Comforts of Old Age and the BBC will not be one of them

I was looking forward to reaching the age of 75 because at that stage I would not need to pay the BBC licence fee; it would be a small comfort but a welcome one. Unlike many older people the decision by the BBC only to waive licence fees for the elderly who are on pension credit will not cause me hardship, but it will cause hardship to probably hundreds of thousands of older people who have over a lifetime paid thousands of pounds to the BBC which has enabled it to broadcast its programmes and pay huge salaries and benefits to executives and those it calls “talent”.There is no opt out for viewers who must pay the fee whether or not they watch BBC programmes. Continue reading

Freedom Matters

“Freedom is always, and exclusively, freedom for the one who thinks differently”, as one political thinker noted. That thinker also said “Without general elections, without unrestricted freedom of press and assembly, without a free struggle of opinion, life dies out in every public institution, becomes a mere semblance of life, in which only the bureaucracy remains as the active element.”

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The Economics of Brexit

I am not an economist but simply listen to economists as they make their analyses and predictions. I do this because they are widely reported and hardly a day goes by without some learned person making some kind of prediction about our future prosperity. Continue reading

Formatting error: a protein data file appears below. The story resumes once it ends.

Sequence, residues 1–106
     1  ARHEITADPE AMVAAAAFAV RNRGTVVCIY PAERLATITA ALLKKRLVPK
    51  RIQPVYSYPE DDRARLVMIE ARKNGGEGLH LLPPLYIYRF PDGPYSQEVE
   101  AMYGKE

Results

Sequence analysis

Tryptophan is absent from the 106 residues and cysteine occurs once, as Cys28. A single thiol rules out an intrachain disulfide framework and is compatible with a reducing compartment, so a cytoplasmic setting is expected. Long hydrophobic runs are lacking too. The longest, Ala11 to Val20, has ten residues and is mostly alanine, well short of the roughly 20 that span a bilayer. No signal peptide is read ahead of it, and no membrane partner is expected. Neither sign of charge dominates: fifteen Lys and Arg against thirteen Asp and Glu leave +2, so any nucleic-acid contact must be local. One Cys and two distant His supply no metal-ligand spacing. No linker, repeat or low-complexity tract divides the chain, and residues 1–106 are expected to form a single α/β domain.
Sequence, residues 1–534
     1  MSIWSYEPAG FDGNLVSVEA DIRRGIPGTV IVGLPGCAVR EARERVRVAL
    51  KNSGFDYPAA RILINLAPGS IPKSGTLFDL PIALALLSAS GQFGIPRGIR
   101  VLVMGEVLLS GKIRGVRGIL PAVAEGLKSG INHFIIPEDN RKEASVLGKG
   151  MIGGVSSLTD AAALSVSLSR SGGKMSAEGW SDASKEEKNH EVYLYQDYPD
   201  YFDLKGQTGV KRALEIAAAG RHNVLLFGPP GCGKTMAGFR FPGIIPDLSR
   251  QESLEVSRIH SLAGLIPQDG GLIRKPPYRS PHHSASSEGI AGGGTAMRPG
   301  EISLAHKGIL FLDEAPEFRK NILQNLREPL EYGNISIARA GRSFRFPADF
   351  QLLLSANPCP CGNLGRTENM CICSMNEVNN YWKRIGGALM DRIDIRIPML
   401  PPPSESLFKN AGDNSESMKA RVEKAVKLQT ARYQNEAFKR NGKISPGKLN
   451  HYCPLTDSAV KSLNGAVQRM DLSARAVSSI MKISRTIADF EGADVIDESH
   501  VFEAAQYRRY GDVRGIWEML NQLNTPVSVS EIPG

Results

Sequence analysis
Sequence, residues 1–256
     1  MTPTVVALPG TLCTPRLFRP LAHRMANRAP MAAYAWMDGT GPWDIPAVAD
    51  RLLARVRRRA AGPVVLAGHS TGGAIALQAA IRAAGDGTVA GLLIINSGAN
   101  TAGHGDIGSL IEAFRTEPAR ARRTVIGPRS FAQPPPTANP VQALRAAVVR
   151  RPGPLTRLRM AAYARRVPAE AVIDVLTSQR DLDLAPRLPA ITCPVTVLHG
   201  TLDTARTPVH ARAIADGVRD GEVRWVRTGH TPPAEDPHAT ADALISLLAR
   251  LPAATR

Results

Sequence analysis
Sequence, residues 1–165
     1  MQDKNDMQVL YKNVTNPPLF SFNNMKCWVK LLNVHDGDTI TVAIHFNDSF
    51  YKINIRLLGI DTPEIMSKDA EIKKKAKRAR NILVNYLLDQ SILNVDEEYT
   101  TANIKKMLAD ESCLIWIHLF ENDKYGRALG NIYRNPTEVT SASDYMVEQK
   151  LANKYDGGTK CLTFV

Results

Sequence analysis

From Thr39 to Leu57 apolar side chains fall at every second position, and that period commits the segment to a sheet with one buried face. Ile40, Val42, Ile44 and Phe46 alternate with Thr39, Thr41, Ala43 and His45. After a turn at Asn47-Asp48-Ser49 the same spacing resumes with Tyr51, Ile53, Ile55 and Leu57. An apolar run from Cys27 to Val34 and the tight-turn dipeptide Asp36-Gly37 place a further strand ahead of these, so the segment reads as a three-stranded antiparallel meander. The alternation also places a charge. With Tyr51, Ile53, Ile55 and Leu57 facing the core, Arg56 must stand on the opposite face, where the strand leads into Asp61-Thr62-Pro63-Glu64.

Must Try Harder

As I get older so the proportion of atmospheric carbon dioxide, like my age, increases. the ESRL Global Monitoring Division at Muana Loa, Hawaii,  reports atmospheric carbon dioxide is now at 414.66 parts per million compared with 411.24 ppm just a year ago in May 2018.

It is very sad to have to report this, Continue reading

Immigrants and Attitudes

The attitude of the indigenous population of the United Kingdom towards immigrants is changing. In April, an Ipsos Mori survey found immigration was a concern for 11% of people – the lowest level since 2001. Concern reached its highest level in 2016 when the Brexit referendum was being held. Why the change? Continue reading

Undemocratic Voting

Most of the people of the United Kingdom will today make their way to polling booths to vote for the election of members to the European Union’s Parliament nearly three years after the majority of the people of the United Kingdom had voted to leave the European Union. This is hardly democracy in action.

Those who oppose Brexit Continue reading

I’ll see you in court, but where is the court?

Bringing justice (or at least law) to the people has always been one of the prime duties of any government. Governments can only function on the basis that the law will mostly be obeyed and that the rule of law will prevail and that the rule of law is without exceptions; it applies to the ordinary citizen and to the government. If the people cannot have their cases promptly and efficiently heard, or if the hearing of those cases is too expensive for people to pay, then the rule of law is damaged, badly.

At one time governments organised the dispensing of justice to try those accused of crime and to settle disputes by arranging for a group of justices (with counsel and other legal people, to tour sections of the country on assizes. Continue reading